The fragrance of R. gigantea, the ancestral species from which the Tea-scented roses were derived, has a similar composition with two types of material making up the heart of the fragrance. One of these, dimethoxy toluene, which has a slightly tarry and humid character (as in a greenhouse), represents 50% of the fragrance and is unique to this rose and its descendants. The other, dihydro-beta-ionol, which represents about 10%, has an earthy, violet character. This material is also found in smaller amounts in R. chinensis, another presumed parent of the Tea roses and a grandparent of the Tea Noisettes.
This and related materials, the ionones, can best be smelled in the wonderful Hybrid Musk rose ‘Buff Beauty’, and in the Banksian roses. (From the olfactory evidence I suspect that the Banksians, with their intense violet character, may also have been involved somewhere along the line in the Tea rose ancestry.)
Another of these materials, dihydro-beta-ionone, is partly responsible for the raspberry character of many modern hybrids such as the famous ‘Queen Elizabeth’ rose, the fragrance of which is closely related in composition to that of the Tea-scented roses, with almost no European influence.
Some of the most remarkable fragrances have resulted from crosses between two species or near species. For example, the Autumn Damask, ‘Quatre Saison’, to my nose one of the most beautifully scented of roses (if sunshine had a smell this would be it!) is a wonderful blend of the translucent old rose quality of R. gallica with the exotic spicy character of R. moschata.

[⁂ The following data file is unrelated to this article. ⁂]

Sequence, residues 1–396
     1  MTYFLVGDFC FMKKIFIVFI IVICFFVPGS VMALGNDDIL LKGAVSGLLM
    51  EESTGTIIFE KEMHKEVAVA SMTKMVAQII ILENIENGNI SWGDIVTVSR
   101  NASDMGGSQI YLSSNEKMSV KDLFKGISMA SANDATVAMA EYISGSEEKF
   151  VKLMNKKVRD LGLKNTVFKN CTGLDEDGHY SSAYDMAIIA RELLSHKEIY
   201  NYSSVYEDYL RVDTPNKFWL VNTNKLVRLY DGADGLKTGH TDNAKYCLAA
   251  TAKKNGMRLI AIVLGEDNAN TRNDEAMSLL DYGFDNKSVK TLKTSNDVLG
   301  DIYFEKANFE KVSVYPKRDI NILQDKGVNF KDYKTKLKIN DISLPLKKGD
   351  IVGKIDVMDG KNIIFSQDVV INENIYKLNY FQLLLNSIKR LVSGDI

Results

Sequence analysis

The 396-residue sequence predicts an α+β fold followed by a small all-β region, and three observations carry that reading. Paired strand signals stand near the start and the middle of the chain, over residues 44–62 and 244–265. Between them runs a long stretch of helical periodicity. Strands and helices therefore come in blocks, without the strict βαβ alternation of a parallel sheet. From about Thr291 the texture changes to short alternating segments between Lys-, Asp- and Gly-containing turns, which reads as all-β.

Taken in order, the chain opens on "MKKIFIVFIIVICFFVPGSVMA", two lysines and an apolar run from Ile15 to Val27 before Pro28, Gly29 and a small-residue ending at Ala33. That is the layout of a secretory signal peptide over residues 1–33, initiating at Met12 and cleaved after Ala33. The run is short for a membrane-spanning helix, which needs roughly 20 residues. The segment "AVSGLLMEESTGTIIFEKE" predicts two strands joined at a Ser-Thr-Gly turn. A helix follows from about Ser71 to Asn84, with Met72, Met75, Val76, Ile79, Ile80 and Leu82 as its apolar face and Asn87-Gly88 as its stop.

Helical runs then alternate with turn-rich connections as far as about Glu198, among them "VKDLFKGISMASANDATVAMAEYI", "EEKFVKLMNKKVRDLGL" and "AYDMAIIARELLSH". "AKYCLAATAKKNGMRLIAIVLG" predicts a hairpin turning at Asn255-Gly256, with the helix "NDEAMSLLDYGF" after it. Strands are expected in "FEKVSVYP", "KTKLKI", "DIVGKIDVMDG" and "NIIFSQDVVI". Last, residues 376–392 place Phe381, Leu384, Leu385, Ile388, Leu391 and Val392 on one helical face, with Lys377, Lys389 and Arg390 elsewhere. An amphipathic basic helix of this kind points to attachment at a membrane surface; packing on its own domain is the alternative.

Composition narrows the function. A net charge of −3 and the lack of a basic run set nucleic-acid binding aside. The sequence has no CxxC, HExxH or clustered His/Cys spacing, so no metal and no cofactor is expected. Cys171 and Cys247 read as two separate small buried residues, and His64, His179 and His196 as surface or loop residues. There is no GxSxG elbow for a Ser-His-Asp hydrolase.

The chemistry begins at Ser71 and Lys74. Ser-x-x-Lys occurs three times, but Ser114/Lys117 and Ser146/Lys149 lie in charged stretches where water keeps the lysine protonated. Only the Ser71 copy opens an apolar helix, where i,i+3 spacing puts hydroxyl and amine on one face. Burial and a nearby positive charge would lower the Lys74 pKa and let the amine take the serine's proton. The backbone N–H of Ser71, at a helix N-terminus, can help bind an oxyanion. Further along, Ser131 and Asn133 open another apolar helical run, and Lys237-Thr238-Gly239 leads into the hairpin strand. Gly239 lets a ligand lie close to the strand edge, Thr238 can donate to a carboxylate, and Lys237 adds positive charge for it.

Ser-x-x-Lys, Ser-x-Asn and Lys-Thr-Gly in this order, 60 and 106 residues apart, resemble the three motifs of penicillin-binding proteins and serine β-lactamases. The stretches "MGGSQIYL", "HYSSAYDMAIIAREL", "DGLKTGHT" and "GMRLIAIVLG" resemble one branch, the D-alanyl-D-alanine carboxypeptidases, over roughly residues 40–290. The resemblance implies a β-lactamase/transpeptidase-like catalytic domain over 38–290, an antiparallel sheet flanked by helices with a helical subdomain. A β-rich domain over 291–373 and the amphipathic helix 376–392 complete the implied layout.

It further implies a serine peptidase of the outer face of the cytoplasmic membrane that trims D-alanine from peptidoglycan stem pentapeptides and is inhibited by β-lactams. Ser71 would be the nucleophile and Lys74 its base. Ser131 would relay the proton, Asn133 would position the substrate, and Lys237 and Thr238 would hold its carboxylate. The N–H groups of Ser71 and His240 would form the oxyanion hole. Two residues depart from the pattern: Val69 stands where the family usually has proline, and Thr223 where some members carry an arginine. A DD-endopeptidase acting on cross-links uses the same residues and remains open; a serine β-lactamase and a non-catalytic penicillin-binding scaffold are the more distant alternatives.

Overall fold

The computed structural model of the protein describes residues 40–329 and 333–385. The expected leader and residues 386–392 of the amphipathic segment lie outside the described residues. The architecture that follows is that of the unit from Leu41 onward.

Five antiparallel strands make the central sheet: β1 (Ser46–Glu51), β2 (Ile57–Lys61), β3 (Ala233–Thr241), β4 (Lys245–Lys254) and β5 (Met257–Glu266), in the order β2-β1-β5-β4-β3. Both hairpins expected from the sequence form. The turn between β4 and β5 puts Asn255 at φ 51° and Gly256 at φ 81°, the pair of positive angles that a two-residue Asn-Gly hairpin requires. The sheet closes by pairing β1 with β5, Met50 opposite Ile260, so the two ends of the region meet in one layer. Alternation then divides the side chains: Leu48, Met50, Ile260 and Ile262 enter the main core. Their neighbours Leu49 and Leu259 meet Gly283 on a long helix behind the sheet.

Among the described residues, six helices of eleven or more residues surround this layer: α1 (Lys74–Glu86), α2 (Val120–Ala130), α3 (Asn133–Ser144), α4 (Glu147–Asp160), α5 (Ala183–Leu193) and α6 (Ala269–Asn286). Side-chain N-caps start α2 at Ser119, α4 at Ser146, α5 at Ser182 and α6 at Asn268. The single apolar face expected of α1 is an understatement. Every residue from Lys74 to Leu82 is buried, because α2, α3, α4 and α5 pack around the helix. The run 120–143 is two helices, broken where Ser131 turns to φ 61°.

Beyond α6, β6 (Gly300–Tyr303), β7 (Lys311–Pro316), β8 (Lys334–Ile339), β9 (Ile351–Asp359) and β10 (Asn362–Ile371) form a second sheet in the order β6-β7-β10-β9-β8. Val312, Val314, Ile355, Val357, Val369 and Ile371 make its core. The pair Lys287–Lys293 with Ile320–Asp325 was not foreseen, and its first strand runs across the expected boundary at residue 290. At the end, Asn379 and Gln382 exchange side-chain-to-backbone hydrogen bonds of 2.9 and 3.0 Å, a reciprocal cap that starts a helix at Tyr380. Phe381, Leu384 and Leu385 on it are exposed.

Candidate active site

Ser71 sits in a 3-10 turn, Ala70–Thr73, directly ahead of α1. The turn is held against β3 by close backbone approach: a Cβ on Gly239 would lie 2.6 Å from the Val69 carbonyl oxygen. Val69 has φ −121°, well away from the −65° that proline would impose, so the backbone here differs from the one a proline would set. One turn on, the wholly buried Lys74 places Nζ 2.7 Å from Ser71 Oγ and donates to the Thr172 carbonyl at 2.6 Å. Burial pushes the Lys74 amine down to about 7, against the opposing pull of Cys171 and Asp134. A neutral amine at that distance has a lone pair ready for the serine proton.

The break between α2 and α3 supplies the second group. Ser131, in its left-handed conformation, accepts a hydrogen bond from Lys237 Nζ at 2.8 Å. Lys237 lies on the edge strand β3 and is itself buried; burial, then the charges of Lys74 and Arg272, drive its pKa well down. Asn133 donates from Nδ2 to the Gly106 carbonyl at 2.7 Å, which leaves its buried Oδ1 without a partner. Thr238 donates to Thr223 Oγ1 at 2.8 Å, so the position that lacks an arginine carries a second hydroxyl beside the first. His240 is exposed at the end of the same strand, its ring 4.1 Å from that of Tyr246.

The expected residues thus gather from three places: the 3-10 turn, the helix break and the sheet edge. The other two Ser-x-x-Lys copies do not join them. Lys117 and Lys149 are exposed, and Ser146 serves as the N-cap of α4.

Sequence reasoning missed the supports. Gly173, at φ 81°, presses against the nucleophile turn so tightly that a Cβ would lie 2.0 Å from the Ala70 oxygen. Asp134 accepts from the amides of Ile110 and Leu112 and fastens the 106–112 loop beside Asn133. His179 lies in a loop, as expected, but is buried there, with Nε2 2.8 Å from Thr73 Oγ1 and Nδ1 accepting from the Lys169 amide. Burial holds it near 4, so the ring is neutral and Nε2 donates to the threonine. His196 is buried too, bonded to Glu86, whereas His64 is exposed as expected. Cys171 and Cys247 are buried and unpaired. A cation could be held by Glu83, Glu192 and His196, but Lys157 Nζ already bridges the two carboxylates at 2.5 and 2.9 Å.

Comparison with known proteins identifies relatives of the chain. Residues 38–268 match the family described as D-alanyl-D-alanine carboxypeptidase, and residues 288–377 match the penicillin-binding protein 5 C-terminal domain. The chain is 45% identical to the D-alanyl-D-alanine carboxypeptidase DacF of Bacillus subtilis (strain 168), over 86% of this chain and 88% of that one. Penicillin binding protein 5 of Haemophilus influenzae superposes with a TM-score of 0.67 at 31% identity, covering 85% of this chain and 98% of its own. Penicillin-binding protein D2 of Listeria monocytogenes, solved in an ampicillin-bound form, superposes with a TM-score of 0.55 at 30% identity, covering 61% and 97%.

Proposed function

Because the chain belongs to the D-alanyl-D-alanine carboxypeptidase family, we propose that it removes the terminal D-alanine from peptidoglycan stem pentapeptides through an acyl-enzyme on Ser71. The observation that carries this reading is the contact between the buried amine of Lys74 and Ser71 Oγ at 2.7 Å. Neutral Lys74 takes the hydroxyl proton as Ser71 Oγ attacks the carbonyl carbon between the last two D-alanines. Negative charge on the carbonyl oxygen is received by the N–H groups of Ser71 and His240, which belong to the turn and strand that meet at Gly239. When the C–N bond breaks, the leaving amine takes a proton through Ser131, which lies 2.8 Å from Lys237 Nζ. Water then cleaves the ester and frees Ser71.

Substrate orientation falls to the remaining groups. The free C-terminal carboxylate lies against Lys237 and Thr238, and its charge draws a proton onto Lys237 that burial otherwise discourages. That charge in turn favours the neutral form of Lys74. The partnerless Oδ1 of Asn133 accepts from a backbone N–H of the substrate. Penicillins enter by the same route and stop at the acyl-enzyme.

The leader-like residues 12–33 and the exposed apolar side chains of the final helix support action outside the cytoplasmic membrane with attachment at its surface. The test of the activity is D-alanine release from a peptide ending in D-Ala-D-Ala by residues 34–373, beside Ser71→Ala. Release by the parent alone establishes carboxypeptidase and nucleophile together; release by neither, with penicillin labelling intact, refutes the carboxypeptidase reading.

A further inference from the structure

Other examples include the exquisitely simple fragrance of ‘Stanwell Perpetual’ (R. pimpinellifolia Autumn Damask), a scent which perfectly matches the colour and form of its flowers, and ‘Agnes’, the result of the somewhat unlikely cross between R. rugosa and R. foetida, with its intense verbena character. In these examples the resultant fragrance can be seen at least in part as a blending of those of the two parents with a certain amount of rebalancing.
Occasionally, however, the combined chemistry of the two parents will throw up something entirely new. This occurred in two roses, ‘Ruga’ and ‘Splendens’, resulting from crosses between R. arvensis and a variety of R. chinensis, probably ‘Old Blush’. Both ‘Ruga’ and ‘Splendens’ have a fresh anise character due to the dominance of a single material 4-vinyl anisole. This material has reappeared in many of the English Roses of David Austin, beginning with ‘Constance Spry’ and reaching new levels of intensity in such varieties as the beautiful ‘Scepter’d Isle’ and ‘St Cecilia’.
(Such roses are usually described as myrrh-scented, and although this has now become an established convention the smell has little to do with that of real myrrh. Something approaching a true myrrh character can be found as part of the fragrance of the Hybrid Musk ‘Penelope’.)
One of the most important marriages in the genealogy of roses was that between ‘Quatre Saisons’ and ‘Old Blush’. This took place in the Reunion, or Bourbon Isles, which subsequently became one of the main centres for the production of raw materials for the French perfumery industry. Not only did this introduce the gene for continual flowering into the European rose (as opposed to the single remontancy of the Autumn Damask), but it was also responsible for the typical Bourbon fragrance, combining the brilliance of the Damask scent with a rich fruity character.